Navajo-Hopi Nations,Flagstaff & Winslow News
Thu, June 30

National Native American Veterans Memorial to be dedicated in Washington D.C. Nov. 11
Ceremony to be part of three-day event to honor Native veterans

The National Native American Veterans Memorial sits on the grounds of the National Museum of the American Indian in Washington, D.C. (Photo by Alan Karchmer for the National Museum of the American Indian)

The National Native American Veterans Memorial sits on the grounds of the National Museum of the American Indian in Washington, D.C. (Photo by Alan Karchmer for the National Museum of the American Indian)

WASHINGTON D.C. — The Smithsonian’s National Museum of the American Indian will dedicate the National Native American Veterans Memorial Nov. 11 in Washington D.C.

The dedication ceremony will take place on the National Mall as part of a three-day event (Nov. 11–13) to honor Native American veterans. A Native veterans’ procession will take place before the start of the dedication ceremony.

“The dedication of this memorial is an opportunity to gather and reflect on the extraordinary service and sacrifice of Native veterans and their families,” said Museum Director Cynthia Chavez Lamar (San Felipe Pueblo, Hopi, Tewa and Navajo). “I hope everyone will join us for this momentous occasion, so together we can offer them our thanks for their contributions to our country.”

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The National Native American Veterans Memorial sits on the grounds of the National Museum of the American Indian in Washington, D.C. (Photo by Alan Karchmer for the National Museum of the American Indian)

Events Nov. 11 will begin in the afternoon with a Native veterans’ procession, which will make its way along the National Mall to the dedication ceremony. There will be viewing areas along the procession route for supporters to gather to honor the participating veterans and watch the ceremony.

Throughout the weekend, the museum will host special programming in honor of the dedication of the memorial, including hands-on activities, films in the Rasmuson Theater, performances in the Potomac Atrium and a dedicated veterans’ hospitality suite. The museum will remain open until 8 p.m. Nov. 11.

Visitors can also visit the exhibition “Why We Serve: Native Americans in the United States Armed Forces” on the museum’s second floor. The exhibition, which tells personal stories of Native Americans, Native Hawaiians and Alaska Native veterans who have served in the U.S. armed forces, brings long overdue recognition to those who have served their country selflessly and with honor for more than 250 years.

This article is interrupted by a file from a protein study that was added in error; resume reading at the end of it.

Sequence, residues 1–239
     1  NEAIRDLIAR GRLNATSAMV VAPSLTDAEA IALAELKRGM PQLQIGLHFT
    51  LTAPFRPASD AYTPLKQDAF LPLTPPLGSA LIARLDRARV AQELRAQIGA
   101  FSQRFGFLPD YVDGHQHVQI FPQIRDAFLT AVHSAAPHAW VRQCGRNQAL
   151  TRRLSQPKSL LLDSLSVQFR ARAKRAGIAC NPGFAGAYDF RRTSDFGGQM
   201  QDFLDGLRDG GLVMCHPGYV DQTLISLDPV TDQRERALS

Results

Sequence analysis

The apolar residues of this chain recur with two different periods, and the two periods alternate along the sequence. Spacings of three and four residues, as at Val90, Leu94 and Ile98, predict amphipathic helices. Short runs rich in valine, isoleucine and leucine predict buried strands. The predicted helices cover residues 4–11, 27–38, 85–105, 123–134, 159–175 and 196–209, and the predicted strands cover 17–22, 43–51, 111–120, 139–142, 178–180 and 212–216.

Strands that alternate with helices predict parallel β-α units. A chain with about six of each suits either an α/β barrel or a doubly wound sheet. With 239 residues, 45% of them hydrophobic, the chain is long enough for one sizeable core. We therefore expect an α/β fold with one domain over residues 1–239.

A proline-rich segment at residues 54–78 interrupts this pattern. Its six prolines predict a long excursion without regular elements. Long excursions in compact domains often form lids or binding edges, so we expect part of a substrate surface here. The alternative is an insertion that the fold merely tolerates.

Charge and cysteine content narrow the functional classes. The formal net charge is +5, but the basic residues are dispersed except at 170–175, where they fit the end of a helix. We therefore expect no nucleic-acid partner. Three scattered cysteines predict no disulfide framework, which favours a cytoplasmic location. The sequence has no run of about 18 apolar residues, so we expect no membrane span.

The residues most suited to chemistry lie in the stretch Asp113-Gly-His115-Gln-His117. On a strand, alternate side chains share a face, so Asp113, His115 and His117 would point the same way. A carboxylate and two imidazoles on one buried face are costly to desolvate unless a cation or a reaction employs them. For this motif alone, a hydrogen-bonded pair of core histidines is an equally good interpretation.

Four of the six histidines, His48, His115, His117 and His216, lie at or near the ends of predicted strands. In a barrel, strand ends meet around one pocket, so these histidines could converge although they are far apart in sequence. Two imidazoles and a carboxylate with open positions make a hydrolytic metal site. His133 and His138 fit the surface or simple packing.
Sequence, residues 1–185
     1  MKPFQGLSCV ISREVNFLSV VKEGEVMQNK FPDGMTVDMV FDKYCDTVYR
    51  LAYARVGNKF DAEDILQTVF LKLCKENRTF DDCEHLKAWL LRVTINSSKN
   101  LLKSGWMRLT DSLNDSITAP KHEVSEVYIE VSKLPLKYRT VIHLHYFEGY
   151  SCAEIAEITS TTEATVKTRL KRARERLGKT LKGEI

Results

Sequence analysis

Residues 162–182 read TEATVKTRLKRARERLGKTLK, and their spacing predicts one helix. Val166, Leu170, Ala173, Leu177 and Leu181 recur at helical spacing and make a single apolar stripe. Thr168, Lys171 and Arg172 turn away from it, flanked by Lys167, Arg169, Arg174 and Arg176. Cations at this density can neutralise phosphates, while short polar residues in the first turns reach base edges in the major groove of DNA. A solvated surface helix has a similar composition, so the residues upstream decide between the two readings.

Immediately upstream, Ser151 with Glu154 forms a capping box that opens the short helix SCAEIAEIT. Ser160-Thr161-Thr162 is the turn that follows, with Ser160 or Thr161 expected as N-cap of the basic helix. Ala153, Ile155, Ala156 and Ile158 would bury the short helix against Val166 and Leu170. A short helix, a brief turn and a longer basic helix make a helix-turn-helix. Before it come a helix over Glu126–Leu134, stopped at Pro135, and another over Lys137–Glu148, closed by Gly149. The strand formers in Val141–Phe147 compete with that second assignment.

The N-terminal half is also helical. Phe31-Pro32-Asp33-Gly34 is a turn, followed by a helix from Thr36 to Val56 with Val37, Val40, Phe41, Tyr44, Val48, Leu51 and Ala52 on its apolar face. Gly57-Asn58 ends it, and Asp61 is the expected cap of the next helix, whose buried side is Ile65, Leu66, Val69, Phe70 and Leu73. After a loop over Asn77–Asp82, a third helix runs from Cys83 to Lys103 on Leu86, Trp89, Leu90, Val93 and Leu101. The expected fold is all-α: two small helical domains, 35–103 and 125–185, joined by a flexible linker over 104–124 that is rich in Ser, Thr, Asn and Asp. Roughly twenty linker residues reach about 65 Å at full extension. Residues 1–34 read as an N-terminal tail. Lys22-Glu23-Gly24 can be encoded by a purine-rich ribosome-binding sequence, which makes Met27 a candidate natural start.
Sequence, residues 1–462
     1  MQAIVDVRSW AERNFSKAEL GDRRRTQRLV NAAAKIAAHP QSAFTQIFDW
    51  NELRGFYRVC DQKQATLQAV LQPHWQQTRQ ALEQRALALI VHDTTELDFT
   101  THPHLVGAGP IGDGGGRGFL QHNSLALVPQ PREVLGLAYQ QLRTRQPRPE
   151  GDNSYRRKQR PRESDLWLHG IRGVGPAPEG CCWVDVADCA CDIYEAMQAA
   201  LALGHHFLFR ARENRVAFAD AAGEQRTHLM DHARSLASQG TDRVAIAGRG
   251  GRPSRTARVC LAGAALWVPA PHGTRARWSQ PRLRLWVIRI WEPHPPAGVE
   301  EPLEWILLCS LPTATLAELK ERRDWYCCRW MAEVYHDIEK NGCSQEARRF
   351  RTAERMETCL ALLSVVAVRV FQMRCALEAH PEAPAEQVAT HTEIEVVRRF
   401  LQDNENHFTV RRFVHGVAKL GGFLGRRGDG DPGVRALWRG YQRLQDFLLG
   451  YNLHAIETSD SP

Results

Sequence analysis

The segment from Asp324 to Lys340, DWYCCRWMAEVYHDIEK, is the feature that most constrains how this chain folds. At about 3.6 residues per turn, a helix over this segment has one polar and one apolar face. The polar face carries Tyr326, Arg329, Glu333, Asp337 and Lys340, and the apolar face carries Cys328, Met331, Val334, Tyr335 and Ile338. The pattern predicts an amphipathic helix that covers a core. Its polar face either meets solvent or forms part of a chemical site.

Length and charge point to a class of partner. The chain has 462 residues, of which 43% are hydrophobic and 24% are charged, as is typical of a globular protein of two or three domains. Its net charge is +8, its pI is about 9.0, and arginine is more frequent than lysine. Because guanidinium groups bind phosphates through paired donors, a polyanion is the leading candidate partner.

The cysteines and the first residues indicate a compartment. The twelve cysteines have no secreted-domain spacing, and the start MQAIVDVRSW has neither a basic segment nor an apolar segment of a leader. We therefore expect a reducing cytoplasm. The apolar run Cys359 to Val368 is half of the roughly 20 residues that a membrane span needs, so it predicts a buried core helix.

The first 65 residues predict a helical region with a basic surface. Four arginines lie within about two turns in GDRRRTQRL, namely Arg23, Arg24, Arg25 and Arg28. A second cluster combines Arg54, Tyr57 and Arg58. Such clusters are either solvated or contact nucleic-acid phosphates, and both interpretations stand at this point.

More information about the dedication of the National Native American Veterans Memorial can be found by visiting the memorial’s website. The website includes details on how to register to participate in the Native veterans’ procession. The dedication ceremony will also be livestreamed on the website so those who cannot attend in person can also watch.

About the National Native American Veterans Memorial

The National Native American Veterans Memorial sits on the grounds of the National Museum of the American Indian and was commissioned by Congress to give “all Americans the opportunity to learn of the proud and courageous tradition of service of Native Americans in the Armed Forces of the United States.”

Native Americans have served in every major military conflict in the U.S. since the Revolutionary War. This is the first national landmark in Washington, D.C., to focus on the contributions of American Indians, Alaska Natives and Native Hawaiians who have served in the military.

The memorial was designed by Harvey Pratt (Cheyenne and Arapaho Tribes of Oklahoma), a multimedia artist, retired forensic artist and Marine Corps Vietnam veteran. The design features an elevated stainless steel circle resting on a carved stone drum. It also incorporates water for ceremonies, benches for gatherings and four lances where veterans, family members, tribal leaders and others can tie cloths for prayers and healing.

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